Your landscape success in 2024 hinges on these tasks. Here’s a list for Fort Worth gardeners

If you’ve ever driven across the Continental Divide, you know that mind trip you get of the water going to one distant ocean or another, all of it determined by just a short space of ground.

Much of your gardening success for 2024 will be determined on jobs you get done in the next several weeks. We’ll call them the Horticultural Divide. Some of these that I’ll list are things you must finish up before new growth begins later this month. Others are things awaiting the first warm days of spring. Let’s make a list of the critical things. These are all based on Fort Worth as the locale. If you’re very far north or south of the Metroplex you’ll need to adjust timings accordingly.

To be done as soon as possible …

Plant onions and snap-type English peas. (Sugar Snap is a long-proven example.) If you wait much longer, you’ll lose both of these crops to late spring heat.

Dig and relocate established trees and shrubs within your yard or from nature into your landscape. This must be done before new growth begins for spring. Transplant carefully, holding the soil ball around the root system in the process.

Replace cool-season color destroyed by recent cold spells. Pansies that weren’t protected by frost cloth look really rugged. Options for your new plantings include pinks, sweet alyssum, larkspurs, snapdragons, Iceland poppies, stocks, foxgloves, wallflowers, ornamental Swiss chard and, a little closer to March, petunias. (It’s still a good idea to have frost cloth nearby because there will be February freezes.)

Finish dormant-season pruning of evergreen shrubs. It’s best to maintain natural growth forms as much as possible. If you need to trim shrubs back significantly, use hand tools to do so. You can remove 30% to 35% of the height and width of shrubs one time, but repeated heavy pruning will wear them out.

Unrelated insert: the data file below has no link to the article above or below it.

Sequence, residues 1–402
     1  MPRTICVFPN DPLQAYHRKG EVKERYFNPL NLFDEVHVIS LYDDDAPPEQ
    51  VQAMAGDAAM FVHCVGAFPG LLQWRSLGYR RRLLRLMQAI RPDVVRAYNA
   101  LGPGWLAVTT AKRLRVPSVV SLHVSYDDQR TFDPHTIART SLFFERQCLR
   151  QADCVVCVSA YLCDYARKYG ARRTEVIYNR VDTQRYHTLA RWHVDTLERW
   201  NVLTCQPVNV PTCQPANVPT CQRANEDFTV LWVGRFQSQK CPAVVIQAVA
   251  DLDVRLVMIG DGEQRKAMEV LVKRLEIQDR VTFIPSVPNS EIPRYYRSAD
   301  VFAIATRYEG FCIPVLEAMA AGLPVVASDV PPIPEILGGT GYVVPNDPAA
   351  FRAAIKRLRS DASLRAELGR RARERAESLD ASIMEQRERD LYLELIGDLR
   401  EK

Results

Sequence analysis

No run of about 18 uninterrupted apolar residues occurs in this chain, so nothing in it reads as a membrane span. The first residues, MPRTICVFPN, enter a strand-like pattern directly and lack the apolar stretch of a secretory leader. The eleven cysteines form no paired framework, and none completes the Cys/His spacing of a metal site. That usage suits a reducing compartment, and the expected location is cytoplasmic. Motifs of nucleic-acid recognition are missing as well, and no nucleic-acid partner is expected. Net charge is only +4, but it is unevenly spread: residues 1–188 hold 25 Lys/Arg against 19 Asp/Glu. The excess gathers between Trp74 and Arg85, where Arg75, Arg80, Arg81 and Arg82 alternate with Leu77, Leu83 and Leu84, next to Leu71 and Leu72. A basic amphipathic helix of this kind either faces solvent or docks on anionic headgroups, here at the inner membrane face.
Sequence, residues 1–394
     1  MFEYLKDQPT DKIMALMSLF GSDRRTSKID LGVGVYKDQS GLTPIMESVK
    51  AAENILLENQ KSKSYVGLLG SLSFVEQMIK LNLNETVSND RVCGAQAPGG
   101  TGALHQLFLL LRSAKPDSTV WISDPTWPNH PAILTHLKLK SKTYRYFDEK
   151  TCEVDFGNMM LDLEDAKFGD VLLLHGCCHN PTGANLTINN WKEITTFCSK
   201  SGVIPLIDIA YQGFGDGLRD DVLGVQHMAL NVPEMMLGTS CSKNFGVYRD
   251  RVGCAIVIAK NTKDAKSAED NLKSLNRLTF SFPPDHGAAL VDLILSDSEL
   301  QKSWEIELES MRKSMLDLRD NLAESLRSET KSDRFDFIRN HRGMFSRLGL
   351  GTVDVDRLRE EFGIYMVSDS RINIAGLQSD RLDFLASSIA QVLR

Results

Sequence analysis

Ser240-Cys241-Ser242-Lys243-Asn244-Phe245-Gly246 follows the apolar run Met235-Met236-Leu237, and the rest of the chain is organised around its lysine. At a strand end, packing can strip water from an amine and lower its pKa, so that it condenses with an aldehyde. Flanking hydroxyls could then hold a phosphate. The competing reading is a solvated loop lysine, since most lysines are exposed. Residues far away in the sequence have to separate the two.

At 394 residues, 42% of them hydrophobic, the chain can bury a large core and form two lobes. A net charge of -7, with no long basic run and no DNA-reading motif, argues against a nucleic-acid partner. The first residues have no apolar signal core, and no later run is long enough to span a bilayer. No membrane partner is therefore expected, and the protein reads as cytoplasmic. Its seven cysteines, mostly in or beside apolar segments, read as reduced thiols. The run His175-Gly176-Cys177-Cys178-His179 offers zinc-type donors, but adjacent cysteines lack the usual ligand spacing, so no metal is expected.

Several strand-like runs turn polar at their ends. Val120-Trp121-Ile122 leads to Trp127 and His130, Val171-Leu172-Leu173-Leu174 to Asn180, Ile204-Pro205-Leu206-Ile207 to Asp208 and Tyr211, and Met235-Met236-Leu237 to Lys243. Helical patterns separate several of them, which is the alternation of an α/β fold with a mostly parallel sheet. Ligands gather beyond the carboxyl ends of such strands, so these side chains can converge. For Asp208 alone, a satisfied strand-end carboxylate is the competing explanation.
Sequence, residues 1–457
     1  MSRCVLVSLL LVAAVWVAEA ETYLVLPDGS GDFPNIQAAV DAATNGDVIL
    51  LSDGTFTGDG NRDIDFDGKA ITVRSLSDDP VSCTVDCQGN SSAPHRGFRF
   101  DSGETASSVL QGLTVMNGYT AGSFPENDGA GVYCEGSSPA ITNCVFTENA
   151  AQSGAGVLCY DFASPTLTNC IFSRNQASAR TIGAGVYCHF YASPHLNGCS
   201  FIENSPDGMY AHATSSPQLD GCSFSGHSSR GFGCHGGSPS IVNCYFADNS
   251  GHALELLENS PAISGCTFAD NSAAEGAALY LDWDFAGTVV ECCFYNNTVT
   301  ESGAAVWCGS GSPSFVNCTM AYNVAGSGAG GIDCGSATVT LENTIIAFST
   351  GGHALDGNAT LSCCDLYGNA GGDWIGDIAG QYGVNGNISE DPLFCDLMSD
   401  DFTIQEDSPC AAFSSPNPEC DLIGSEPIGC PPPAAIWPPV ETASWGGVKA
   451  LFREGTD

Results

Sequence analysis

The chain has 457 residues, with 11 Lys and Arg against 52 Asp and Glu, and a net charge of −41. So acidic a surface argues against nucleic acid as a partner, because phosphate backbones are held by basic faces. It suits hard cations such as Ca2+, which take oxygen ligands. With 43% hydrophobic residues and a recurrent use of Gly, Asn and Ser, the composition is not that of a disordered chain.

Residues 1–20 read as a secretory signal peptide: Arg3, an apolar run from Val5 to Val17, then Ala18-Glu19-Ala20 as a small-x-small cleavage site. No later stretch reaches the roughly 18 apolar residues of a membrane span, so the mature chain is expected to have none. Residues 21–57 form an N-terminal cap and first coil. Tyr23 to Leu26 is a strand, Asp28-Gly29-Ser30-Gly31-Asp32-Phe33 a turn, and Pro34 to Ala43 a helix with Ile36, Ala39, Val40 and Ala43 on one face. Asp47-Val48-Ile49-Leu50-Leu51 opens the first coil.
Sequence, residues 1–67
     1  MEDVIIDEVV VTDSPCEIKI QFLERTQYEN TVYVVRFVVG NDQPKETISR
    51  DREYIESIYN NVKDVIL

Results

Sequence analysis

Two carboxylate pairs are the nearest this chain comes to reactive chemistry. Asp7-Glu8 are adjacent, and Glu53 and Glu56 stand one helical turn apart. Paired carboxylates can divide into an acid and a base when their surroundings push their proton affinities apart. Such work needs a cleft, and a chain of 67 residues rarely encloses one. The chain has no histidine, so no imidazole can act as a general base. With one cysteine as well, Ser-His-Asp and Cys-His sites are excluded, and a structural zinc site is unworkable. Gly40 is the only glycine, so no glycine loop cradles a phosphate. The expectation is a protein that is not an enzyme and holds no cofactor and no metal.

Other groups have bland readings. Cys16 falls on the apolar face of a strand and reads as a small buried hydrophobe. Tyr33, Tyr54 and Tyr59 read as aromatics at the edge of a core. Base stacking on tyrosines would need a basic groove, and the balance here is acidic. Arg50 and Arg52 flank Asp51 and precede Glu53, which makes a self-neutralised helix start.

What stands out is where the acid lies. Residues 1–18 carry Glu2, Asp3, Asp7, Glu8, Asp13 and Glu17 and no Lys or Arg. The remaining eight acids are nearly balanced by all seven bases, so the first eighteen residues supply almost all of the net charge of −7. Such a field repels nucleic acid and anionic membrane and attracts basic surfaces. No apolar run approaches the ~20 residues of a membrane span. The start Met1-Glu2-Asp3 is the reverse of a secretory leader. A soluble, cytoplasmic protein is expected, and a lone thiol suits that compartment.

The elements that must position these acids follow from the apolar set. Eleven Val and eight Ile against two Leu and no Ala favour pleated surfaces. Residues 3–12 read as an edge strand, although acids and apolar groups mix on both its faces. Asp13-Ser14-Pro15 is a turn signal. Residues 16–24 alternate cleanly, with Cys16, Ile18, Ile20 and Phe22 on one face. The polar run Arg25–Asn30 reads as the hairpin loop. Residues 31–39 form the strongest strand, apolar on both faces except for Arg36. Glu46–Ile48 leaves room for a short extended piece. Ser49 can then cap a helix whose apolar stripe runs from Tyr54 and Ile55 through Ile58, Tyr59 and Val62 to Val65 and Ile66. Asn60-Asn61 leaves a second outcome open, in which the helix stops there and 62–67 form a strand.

Summer-flowering shrubs and vines are pruned now, but do not ever “top” a crape myrtle for any purported reason. It ruins their look, probably permanently.

If you aren’t sure how severe the winter dieback might be with particular shrubs, wait another week or two. Once stems become brittle or start to shrivel, you’ll be better able to tell.

Prune peach and plum trees to remove vertical shoots as you maintain Nine- to 10-foot tall, bowl-shaped forms with these trees. That will prevent limb breakage from the weight of the fruit. It will allow sun to reach the ripening fruit, and it will also aid in the harvesting of ripe fruit.

Prune grape vines to remove 80% to 85% of the cane growth. That will lower the number of clusters of grapes considerably, but it will improve on their quality dramatically. Train them to grow along their scaffold wires as you care for them during the growing season.

Apply horticultural oil (“dormant oil”) spray to control scale insects on hollies, camellias, euonymus, and shade and fruit trees. Read and follow label directions for best results. This must be applied before buds start to open.

Apply a broadleafed weedkiller spray (containing 2,4-D) to eliminate existing non-grassy weeds such as dandelions, clover, henbit, chickweed, thistles, plantain, and others. Stay with label directions if you expect good results.

Mid-February responsibilities …

Plant Cole crops (cabbage, broccoli, Brussels sprouts, cauliflower), also Irish potatoes into a sunny, well-draining garden location.

Check roses for signs of rose rosette virus. Most obvious will be canes with many times the normal number of thorns, buds that don’t open properly, rank-growing “bull” canes, and dieback of branches. When you see those symptoms, you need to remove the plants (roots and all) immediately. You cannot prevent or cure RRV.

Healthy rose bushes should be pruned by 50%. Each cut should be just above a bud facing out from the center of the plant.

Wait to prune spring-flowering shrubs and vines until just after they finish blooming. They would include flowering quince, forsythias, bridal wreath (spiraea), azaleas, Texas mountain laurel, Carolina jessamine, wisteria, and coral honeysuckle.

Prune nandinas to remove leggy canes. Cut them to within 1 inch of the soil line. Nandinas react by sending up multiple new sprouts and filling in clear to the ground. Usually you will only need to cut 25% to 35% of the canes clear back like this. Repeat the process every year about this time to keep the plantings looking great.

Prune groundcovers that were burned by this winter’s cold. Asian jasmine is most notable. Run the mower over it on its highest setting and tidy the bed up. Apply an all-nitrogen fertilizer and water thoroughly. It will green up and start growing within the next three or four weeks.

Fertilize ryegrass and fescue, our two cool-season turfgrasses, with a high-quality, all-nitrogen fertilizer with 30 to 50 percent of its nitrogen in slow-release form to encourage good growth and green turf the balance of their season.

Scalp your lawn to remove browned stubble toward the end of the month. You’ll also be removing many of the unsightly broadleafed weeds in the process.

Leave a Comment